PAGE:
2013-2015 Movember-PCF Challenge Award ($1 Million)
Project Title: Co-targeting the Cell Cycle and Androgen Signaling Axis via CDK4/6 Inhibition and Androgen Deprivation: A Novel Paradigm for treating Metastatic Hormone-sensitive Prostate cancer
Principal Investigator: Maha Hussain, MD (University of Michigan)
Co-investigators: Felix Feng, MD (University of Michigan), Karen Knudsen, PhD (Thomas Jefferson University).
Description: Once prostate cancer metastasizes, or spreads, beyond the prostate gland, the vast majority of patients will ultimately succumb to this disease. Prostate cancer (PCa) spread is fueled by male hormones, or androgens, and the androgen receptor (AR) protein. For over 70 years, androgen deprivation therapy (ADT) has served as first-line treatment of men with metastatic PCa. Most men diagnosed with metastatic PCa have tumors that respond to ADT and their disease is said to be “hormone sensitive.” However, most men with hormone-sensitive PCa will eventually develop resistance to ADT. At that point, their disease is said to be treatment-resistant and mostly insensitive to hormone therapy. Prognosis at this stage is grim. Drs. Hussain, Feng and Knudsen will undertake an ambitious first-in-field investigation to determine if men with hormone-sensitive, metastatic PCa who are given a novel combination of drugs can delay the onset of resistance to ADT, and thus delay progression to end-stage disease.
The researchers will conduct a randomized, multi-center Phase II clinical trial in which men with metastatic hormone-sensitive PCa, whose tumors express a genetic alteration of the RB gene that can be targeted, will be randomly assigned to receive either ADT alone or ADT in combination with an experimental oral drug known as PD-0332991. The experimental compound inhibits CDK4/6, two kinase proteins that play a key role in cell growth cycles. Inhibiting CDK4/6 kinases may block cancer cell growth and can re-boot the activity of the retinoblastoma (RB) tumor suppressor gene. The tumor suppressor activity of the RB gene is often weakened in tumors, and to date, CDK4/6 inhibitors have shown significant anti-tumor effects against breast cancer. Preliminary data from these Challenge Award researchers shows that loss of RB tumor suppressor activity is found in 60% of men with far-advanced treatment-resistant PCa; however 80 to 90% of men with hormone-sensitive PCa (HSPC) continue to have some RB tumor suppressor activity. This Challenge Award team has also found that alterations in RB tumor suppressor activity have a direct impact on the function of the androgen receptor and can lead to AR malfunction which leads to end-stage, treatment-resistant disease.
In the clinical trial, patients will undergo biopsies of a metastatic site to determine their level of RB activity. This will greatly aid in future determinations of which patients with metastatic HSPC would likely benefit from this combination therapy. The team, using the metastatic biopsy samples from the Phase II clinical trial, will use genomic sequencing to determine other biomarkers that may make men good candidates for combination therapy of ADT and CDK4/6 inhibitors.
What this means for patients: Currently there is no cure for patients with metastatic treatment-resistant prostate cancer. This trio of researchers will combine a novel drug being developed by Pfizer—the candidate drug boosts the activity of a vital tumor suppressor gene and interrupts cancer cell growth cycles—with traditional androgen deprivation therapy in an attempt to prevent or delay cancer progression to end-stage disease. The novel investigational drug was recently shown to be safe and effective against a common form of advanced breast cancer. In the clinical trial, men whose tumors have functioning (RB) tumor suppressor gene activity—such men are the most likely responders and thus the best candidates for this new drug—will be given either the combination of drugs or ADT alone. This work is a study in precision medicine and may not only lead to the rapid development of a novel drug against PCa, it may well enable doctors to determine at the outset of therapy which men will be the strongest responders to this combination therapy.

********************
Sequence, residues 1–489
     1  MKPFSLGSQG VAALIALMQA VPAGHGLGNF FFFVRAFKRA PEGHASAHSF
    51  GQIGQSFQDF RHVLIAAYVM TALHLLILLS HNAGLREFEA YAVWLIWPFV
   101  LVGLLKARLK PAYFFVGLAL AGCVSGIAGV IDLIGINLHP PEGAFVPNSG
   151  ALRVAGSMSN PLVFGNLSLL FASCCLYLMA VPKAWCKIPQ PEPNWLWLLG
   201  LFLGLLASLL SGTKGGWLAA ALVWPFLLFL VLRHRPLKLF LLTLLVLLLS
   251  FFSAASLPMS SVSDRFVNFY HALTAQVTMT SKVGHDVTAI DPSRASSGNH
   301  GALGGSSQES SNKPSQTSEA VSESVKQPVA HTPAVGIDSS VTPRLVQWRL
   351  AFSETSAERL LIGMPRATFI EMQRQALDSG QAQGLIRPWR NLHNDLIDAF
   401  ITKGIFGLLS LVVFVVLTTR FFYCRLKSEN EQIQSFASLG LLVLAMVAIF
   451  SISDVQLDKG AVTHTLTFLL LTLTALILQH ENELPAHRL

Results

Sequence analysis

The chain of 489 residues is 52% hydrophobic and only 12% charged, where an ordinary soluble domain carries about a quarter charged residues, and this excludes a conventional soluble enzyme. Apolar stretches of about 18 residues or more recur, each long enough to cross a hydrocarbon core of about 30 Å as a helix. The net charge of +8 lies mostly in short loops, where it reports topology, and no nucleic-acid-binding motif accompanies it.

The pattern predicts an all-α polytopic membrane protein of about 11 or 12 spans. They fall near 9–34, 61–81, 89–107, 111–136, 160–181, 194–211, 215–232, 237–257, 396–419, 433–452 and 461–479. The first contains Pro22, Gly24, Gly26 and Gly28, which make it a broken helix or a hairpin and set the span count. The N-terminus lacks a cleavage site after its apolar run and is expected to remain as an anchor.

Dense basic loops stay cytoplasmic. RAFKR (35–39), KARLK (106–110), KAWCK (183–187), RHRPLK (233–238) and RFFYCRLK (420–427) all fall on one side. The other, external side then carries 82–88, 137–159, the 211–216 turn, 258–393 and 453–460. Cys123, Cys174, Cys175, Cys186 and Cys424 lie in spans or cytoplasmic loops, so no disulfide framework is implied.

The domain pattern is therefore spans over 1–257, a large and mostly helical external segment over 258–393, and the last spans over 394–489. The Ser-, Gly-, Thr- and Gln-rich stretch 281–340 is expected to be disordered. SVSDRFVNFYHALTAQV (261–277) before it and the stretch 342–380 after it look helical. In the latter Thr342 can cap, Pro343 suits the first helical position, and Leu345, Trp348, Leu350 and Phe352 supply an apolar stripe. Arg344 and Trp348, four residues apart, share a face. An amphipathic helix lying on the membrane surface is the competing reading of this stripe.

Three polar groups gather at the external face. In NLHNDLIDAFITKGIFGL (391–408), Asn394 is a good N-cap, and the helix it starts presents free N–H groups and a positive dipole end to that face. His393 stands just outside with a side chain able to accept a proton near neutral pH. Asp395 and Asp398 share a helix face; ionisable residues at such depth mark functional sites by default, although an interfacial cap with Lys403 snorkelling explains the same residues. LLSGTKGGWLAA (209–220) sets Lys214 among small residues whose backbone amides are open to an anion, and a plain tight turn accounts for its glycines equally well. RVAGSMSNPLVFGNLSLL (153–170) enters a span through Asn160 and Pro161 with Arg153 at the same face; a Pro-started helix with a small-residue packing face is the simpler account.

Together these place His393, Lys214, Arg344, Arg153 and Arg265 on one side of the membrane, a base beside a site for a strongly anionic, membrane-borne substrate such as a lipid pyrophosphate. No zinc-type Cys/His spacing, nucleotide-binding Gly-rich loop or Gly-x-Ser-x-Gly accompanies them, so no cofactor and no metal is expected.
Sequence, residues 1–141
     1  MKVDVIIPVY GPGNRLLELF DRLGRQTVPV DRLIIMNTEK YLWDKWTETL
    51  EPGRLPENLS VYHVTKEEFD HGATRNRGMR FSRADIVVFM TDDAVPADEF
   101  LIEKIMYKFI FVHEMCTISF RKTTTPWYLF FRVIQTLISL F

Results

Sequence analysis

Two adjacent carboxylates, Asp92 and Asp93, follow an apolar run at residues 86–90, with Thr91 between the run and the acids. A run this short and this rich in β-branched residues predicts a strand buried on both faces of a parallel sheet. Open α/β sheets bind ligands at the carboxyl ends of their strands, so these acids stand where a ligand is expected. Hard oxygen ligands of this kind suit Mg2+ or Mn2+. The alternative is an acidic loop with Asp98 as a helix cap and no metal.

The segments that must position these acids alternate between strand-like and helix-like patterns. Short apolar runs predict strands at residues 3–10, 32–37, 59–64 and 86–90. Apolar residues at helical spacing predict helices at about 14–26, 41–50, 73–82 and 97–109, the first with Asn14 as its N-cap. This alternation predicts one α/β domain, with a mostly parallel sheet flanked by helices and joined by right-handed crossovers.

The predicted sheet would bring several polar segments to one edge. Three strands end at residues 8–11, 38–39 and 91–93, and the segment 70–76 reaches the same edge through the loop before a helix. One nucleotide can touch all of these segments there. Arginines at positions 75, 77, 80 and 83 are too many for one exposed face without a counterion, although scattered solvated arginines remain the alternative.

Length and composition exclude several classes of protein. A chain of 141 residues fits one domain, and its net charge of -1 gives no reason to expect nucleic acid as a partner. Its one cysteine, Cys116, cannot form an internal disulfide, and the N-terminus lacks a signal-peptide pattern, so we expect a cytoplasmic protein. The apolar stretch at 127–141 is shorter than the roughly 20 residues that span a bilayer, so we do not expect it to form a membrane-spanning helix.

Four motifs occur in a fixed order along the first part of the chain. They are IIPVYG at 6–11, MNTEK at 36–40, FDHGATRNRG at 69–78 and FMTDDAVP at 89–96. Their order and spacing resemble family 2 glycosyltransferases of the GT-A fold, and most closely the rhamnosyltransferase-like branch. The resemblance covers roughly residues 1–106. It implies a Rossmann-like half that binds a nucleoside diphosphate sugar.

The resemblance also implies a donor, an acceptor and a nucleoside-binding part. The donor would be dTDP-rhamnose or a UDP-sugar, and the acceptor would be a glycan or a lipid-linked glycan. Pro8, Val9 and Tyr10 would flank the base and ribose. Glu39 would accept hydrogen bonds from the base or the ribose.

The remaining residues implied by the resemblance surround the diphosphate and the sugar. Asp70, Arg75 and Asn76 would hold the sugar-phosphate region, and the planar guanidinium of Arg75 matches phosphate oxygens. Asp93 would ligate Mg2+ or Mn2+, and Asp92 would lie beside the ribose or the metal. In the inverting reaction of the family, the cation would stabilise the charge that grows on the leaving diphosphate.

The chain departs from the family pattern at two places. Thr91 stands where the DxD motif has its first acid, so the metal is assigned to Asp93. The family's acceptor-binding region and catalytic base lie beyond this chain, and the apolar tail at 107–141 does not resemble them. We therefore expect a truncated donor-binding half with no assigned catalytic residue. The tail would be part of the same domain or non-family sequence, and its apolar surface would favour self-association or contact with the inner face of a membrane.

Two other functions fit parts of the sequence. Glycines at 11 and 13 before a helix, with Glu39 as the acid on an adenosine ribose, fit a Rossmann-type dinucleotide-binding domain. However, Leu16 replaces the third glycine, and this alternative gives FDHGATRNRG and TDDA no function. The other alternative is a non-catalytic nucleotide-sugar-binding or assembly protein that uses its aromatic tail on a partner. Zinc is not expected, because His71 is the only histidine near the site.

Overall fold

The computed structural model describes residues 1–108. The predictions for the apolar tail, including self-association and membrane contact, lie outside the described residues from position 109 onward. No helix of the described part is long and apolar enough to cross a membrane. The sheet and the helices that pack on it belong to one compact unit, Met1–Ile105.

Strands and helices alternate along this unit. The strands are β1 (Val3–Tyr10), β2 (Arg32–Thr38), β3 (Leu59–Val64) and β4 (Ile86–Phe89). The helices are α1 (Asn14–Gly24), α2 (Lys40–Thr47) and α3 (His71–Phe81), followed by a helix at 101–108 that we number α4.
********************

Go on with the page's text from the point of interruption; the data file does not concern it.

2013-2016 Movember-PCF Challenge Award ($1.5 Million)
Project Title: Targeting BET Bromodomain Proteins: A Novel Therapeutic Strategy for Treatment Resistant Prostate Cancer
Principal Investigator: Arul Chinnaiyan, MD, PhD (University of Michigan)
Co-investigators: Shaomeng Wang, PhD (University of Michigan), Felix Feng, MD (University of Michigan), Irfan Asangani, PhD (University of Michigan).
Description: Prostate cancer is fueled by male hormones or androgens, such as testosterone. Those androgens bind to a protein known as the androgen receptor (AR). When it is activated by binding to androgens, the AR protein becomes a sort of androgen superhighway into the cell’s nucleus where it can act as a regulator of genes, turning them on or off. The vast majority of end-stage, treatment-resistant prostate cancer is driven by such AR “signaling.” Currently many anti-prostate cancer therapies target this AR signaling pathway, attempting to disrupt its pro-cancer activity by blocking either androgen production or blocking the activity of the AR protein itself. However, while responses to such therapies are often robust and extend men’s survival times, ultimately most men will develop resistance to these existing therapies. Drs. Chinnaiyan, Wang and Feng will use this Challenge Award to develop a completely new method of targeting the AR signaling pathway. They will develop an entirely new drug that prevents the genes the AR protein regulates from being turned “on” and making their protein products which act to drive cancer progression. This novel approach to “downstream” targeting of the AR signaling pathway may be used alone or in conjunction with conventional “upstream” anti-androgen drugs such as Zytiga or Xtandi. The researchers believe that such a “downstream” approach may prove more durable and that it will be less likely for men to develop resistance to their novel drug because most mechanisms of resistance are upstream of the drug target.